Wipes, socks and T-shirts causing sewage backups; city asks residents to flush only toilet paper

photo by: Contributed photo

A buildup of fabric and wet wipes, pictured, caused a level indicator to fail at a city pump station. The City of Lawrence is reminding people to flush only toilet paper.

Alarms are sounding at City of Lawrence sewage facilities, and it’s because of what residents are flushing down their toilets.

Since the coronavirus outbreak has led to empty toilet paper shelves at stores, city engineers say there has been a substantial increase in the amount of cloth items causing issues in the city’s wastewater pumps and plants, including wipes, washcloths, towels, socks and even T-shirts.

Treatment Division Manager Leah Morris said the increase in such material has required more staff time to address flow backups at various points in the wastewater collection and treatment process so that the system doesn’t get clogged.

“We have cleared more material out than we typically see, at every point that we clear material out within the process and at the pump stations,” Morris said.

Because of the limited availability of toilet paper, the city has been reminding residents that nothing but toilet paper should be flushed down the toilet. In social media posts, the city states that facial tissues, paper towels and even “flushable” wipes should not be flushed. The messages advise that flushing those more durable paper products and other nonflushable materials could lead to costly problems with residents’ plumbing, including backups, as well as problems with the city’s wastewater infrastructure. Morris noted that even wipes labeled as flushable should not be flushed down the toilet because they do not break down like toilet paper.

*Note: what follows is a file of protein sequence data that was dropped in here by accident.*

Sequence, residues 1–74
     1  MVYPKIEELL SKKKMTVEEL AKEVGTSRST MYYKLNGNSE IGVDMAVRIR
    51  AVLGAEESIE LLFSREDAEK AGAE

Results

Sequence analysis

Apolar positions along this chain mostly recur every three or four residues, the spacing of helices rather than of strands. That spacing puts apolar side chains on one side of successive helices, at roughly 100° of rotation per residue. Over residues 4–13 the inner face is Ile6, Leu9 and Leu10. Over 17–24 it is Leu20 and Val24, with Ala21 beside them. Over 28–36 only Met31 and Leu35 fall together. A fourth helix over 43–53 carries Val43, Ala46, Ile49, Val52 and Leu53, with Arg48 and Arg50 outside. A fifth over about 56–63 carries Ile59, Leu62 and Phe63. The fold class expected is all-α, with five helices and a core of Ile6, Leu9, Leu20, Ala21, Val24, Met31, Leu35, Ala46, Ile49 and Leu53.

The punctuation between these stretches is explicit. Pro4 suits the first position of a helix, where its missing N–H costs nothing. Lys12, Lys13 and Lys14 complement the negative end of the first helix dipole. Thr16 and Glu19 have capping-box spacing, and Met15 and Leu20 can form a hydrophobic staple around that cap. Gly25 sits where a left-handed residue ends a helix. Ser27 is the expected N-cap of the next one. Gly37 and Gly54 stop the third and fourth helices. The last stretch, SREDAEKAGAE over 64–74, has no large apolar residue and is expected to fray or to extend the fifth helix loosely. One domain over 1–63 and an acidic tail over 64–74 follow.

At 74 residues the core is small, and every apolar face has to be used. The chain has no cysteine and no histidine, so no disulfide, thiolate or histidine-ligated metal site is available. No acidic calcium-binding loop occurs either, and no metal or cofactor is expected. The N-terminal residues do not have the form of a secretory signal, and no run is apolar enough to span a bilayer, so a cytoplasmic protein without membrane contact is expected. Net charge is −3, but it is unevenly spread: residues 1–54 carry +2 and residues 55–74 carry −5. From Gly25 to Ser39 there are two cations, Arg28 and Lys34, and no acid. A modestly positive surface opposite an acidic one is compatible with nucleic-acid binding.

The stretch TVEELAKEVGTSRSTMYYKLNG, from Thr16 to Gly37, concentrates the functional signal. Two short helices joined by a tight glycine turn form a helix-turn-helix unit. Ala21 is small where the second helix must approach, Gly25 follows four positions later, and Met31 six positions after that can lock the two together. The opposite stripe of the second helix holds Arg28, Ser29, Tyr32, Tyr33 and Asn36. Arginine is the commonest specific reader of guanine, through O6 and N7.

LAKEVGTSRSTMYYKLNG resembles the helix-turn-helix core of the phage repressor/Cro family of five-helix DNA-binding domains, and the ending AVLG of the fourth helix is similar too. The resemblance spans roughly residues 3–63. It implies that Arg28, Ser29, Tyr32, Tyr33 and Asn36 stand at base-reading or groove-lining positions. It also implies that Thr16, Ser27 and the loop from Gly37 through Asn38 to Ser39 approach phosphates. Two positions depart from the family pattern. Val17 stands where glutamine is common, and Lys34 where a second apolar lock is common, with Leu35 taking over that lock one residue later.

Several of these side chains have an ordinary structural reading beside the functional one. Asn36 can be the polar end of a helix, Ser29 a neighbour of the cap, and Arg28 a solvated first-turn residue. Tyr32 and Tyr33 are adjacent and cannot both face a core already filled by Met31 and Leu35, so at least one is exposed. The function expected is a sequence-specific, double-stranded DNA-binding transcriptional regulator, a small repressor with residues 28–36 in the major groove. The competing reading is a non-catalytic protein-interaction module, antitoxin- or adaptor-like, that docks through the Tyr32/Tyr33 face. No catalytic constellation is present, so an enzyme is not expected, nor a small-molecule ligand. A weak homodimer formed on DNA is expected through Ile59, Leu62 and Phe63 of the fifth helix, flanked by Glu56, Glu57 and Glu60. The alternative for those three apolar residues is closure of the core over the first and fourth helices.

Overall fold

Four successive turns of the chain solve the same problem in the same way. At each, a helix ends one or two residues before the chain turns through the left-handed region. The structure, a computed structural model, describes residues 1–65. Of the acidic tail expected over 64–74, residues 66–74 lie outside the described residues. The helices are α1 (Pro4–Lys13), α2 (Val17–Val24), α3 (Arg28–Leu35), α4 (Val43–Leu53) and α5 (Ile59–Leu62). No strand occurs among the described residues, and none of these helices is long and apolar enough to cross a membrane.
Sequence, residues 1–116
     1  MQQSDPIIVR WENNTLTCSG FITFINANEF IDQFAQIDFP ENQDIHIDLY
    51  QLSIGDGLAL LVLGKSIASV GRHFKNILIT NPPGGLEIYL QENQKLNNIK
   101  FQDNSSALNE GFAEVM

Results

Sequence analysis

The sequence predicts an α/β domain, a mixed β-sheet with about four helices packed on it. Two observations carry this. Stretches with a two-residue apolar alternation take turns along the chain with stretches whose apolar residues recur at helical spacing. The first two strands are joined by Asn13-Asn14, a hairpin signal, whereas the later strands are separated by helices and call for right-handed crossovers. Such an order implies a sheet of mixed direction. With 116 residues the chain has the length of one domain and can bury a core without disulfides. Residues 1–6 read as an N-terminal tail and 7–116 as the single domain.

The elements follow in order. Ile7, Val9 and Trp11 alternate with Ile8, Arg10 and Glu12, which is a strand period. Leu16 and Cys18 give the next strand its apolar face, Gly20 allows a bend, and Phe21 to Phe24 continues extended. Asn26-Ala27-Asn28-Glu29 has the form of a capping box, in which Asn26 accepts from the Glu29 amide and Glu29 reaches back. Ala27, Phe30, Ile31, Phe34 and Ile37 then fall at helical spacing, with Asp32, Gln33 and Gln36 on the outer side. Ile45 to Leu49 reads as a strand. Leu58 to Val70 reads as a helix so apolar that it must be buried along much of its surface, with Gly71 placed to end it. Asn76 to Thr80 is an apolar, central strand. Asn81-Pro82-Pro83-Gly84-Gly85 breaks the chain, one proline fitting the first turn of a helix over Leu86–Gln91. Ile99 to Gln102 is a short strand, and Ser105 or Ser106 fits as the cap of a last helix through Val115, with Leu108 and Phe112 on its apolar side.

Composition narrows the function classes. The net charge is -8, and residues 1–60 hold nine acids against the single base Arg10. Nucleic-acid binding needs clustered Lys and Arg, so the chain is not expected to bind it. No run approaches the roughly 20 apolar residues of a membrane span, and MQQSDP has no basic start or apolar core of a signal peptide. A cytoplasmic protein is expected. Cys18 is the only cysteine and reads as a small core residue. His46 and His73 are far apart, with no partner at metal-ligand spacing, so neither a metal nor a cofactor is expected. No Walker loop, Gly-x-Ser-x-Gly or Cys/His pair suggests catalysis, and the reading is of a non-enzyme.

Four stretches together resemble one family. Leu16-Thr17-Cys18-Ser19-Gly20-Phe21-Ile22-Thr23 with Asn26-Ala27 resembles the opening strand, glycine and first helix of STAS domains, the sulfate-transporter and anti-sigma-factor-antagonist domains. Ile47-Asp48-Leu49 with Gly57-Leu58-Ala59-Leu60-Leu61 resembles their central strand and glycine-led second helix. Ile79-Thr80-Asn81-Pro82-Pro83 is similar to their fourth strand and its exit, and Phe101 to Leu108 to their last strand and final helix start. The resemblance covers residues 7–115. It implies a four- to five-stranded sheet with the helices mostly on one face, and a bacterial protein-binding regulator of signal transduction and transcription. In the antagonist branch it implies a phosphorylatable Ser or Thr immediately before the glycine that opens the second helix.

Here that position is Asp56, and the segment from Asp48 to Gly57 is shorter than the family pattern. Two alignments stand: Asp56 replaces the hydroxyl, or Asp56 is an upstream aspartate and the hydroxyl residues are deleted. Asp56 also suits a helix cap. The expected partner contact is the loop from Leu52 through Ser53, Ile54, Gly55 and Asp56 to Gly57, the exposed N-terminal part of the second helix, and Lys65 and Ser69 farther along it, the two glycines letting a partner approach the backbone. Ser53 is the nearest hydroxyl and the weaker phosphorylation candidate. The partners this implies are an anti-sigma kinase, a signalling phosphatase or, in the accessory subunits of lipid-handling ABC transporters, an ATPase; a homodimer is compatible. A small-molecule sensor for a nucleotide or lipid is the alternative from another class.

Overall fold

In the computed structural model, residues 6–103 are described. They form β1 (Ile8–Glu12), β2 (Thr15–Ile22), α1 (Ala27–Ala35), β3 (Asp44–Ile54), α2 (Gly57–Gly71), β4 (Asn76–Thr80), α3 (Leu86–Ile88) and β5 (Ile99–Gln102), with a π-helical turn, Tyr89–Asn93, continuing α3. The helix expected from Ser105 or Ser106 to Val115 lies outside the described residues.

The city’s Wakarusa Wastewater Treatment Plant, which went online in early 2018, cost $74 million to construct and was one of the city’s most expensive infrastructure projects in recent years. All together, the city’s wastewater collection system includes 400 miles of sewer mains, 15,000 manholes and 38 lift stations, which are used to pump sewage toward the city’s two wastewater treatment plants, according to the city’s website. The stations are monitored remotely, and alarms notify operators to certain conditions, such as flow backups.

Though the wastewater system includes screens to remove debris, Morris said wipes and other cloth items could get caught in water-level indicators, pumps, pipes and other equipment. She said those buildups and backups cause the alarms to go off, requiring staff to respond.

“We’ve seen alarms because of things getting snagged on level indicators or we’re seeing flow back up,” Morris said. She said those alarms happen at all times, including in the middle of the night and on weekends, requiring additional staff hours.

In addition to the time required to clear backups and other issues caused by wipes and other nonflushable items, Morris said those items could potentially damage equipment and require it to be replaced.

Morris said that people flushing items such as wipes or cloth was not new, but there has been a substantial increase in the amount of nonflushable material that city staff is having to remove from city infrastructure since the coronavirus outbreak. She said that increase is not just in Lawrence, and that municipalities all over the country are encountering similar issues.

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